NASA Questions Commander Lovell’s Right to Auction Apollo 13 Checklist.
Former astronaut James Lovell speaks at 40th anniversary of the walk on the moon at NASA headquarters in Washington. Reuters

NASA is questioning whether James Lovell, an Apollo 13 commander, has the right to sell a 70-page checklist that contains his handwritten calculations that were vital in guiding the damaged spacecraft back to Earth.

The rare document was sold by Lovell for more than $388000 at an auction in Dallas in November 2011. The amount was around 15 times more than the estimated price value.

However, NASA now has laid its claims to the document that assisted the return of the Apollo 13 team to the Earth after an oxygen tank in the craft exploded.

According to Telegraph UK, the recent event comes a year after NASA filed a federal lawsuit against Edgar Mitchell, the Apollo 14 astronaut, obliging him to return a camera used on his Moon mission in 1971. The camera has since been placed in a museum.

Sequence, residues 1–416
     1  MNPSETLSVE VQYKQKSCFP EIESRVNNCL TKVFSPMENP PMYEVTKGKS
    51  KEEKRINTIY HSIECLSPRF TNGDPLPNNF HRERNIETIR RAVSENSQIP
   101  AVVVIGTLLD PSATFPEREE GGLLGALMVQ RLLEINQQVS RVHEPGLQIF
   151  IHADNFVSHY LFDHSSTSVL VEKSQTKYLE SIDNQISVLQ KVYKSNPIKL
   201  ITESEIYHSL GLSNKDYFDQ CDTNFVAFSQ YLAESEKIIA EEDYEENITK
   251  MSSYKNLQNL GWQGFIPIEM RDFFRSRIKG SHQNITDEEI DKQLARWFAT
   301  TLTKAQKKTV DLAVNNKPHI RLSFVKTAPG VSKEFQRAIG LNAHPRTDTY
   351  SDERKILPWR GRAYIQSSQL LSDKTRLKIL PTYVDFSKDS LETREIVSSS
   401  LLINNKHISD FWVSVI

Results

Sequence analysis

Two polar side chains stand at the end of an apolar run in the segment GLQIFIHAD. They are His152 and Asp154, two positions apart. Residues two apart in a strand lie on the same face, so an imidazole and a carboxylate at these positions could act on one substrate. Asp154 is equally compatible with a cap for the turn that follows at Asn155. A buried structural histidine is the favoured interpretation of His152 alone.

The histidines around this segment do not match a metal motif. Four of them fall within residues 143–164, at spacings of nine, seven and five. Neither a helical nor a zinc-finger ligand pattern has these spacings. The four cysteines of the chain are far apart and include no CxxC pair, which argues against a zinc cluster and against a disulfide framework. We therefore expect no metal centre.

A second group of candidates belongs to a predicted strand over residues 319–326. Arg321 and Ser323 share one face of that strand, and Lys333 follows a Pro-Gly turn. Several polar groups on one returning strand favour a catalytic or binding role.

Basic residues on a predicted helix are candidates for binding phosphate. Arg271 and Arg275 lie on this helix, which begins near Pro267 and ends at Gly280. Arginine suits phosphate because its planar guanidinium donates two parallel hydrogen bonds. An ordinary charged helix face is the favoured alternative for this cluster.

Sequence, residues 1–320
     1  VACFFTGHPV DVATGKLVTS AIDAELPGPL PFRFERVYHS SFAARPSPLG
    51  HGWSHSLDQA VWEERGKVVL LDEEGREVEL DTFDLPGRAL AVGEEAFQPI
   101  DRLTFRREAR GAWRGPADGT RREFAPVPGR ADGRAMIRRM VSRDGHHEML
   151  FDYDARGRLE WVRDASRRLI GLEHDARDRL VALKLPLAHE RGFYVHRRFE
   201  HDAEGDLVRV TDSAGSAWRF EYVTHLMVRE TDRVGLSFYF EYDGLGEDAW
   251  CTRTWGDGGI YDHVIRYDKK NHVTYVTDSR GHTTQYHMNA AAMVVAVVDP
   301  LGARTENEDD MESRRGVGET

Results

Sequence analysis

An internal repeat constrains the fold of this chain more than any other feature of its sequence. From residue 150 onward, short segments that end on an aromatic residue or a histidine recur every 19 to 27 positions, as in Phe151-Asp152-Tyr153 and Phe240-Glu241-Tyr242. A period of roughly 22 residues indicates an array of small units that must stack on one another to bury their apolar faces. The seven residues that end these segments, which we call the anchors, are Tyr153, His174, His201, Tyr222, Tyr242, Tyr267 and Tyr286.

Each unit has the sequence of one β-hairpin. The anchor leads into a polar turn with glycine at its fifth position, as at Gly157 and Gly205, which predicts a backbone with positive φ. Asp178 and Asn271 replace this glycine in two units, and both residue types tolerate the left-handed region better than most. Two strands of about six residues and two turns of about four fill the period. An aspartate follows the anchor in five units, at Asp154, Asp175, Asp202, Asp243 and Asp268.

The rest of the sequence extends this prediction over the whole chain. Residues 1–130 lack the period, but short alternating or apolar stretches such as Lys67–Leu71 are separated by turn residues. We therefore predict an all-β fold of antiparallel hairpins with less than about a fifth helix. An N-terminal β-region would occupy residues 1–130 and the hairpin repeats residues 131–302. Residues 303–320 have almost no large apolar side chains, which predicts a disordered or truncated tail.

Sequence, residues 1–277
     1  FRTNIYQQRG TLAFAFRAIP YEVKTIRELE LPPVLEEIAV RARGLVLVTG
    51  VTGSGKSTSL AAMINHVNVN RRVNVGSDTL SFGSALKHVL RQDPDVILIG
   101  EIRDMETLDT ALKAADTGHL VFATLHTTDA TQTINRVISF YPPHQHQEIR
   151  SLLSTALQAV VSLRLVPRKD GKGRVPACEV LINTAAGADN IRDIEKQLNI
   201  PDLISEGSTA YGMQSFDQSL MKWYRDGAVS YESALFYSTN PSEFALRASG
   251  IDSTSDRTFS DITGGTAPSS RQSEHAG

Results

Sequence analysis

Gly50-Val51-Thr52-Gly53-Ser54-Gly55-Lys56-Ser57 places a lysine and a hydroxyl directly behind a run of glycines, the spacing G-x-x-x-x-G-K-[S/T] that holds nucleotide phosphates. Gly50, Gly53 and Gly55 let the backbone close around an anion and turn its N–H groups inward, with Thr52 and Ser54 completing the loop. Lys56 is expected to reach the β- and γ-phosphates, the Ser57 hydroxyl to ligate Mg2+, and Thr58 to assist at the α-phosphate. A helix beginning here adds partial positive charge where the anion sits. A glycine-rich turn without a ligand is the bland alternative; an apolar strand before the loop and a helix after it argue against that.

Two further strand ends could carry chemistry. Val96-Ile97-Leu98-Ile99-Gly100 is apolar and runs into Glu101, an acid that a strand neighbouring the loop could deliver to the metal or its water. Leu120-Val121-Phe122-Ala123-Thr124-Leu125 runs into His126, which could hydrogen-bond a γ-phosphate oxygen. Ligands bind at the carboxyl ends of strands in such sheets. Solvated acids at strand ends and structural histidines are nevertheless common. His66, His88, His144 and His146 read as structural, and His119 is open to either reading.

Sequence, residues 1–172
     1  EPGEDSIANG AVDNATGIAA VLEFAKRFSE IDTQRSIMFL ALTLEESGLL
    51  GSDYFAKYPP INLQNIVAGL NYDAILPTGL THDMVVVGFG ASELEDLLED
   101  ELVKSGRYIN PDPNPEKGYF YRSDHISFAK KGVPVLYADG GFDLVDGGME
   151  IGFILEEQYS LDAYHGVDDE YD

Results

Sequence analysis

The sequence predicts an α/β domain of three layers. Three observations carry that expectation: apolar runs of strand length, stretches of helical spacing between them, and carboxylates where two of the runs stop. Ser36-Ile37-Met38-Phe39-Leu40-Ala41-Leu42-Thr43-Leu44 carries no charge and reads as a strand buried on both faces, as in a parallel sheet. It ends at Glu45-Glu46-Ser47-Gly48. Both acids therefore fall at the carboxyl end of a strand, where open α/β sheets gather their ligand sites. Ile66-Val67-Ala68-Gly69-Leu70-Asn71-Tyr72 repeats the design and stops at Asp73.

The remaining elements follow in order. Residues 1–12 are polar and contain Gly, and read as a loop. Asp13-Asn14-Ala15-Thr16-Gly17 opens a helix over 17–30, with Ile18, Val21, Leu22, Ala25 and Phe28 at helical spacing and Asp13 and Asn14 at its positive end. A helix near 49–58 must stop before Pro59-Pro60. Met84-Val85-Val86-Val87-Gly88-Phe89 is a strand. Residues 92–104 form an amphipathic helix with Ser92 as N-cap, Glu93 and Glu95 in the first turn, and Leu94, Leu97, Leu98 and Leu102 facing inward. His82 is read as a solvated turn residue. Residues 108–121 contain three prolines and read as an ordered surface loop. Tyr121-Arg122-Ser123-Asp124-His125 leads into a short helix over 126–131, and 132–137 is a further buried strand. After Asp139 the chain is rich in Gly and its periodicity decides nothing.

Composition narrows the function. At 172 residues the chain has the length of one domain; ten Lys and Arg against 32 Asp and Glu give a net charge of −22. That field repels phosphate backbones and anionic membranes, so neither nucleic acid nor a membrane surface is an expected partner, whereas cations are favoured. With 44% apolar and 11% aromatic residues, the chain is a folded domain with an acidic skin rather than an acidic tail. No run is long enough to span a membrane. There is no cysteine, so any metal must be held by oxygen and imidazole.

Apart from the checklist, the agency has also raised questions about the hand glove worn by NASA astronaut Alan Shepard which fetched over $19000, a lunar module identification plate valued at $13000 and a hand controller sold by Apollo 9 astronaut Rusty Schweikart which was auctioned for $22,700 at the Heritage auctions.

NASA has, however, interpreted the inquiry in a different manner. We haven't filed a claim against (the checklist). But what we have done is notify the auction house that we are seeking proof of ownership of the artefact, NASA spokesman Bob Jacobs told collectSPACE.

The checklist sold by Lovell has gained great popularity particularly after the release of the 1995 film Apollo 13 where actor Tom Hanks portrayed the role of Lovell.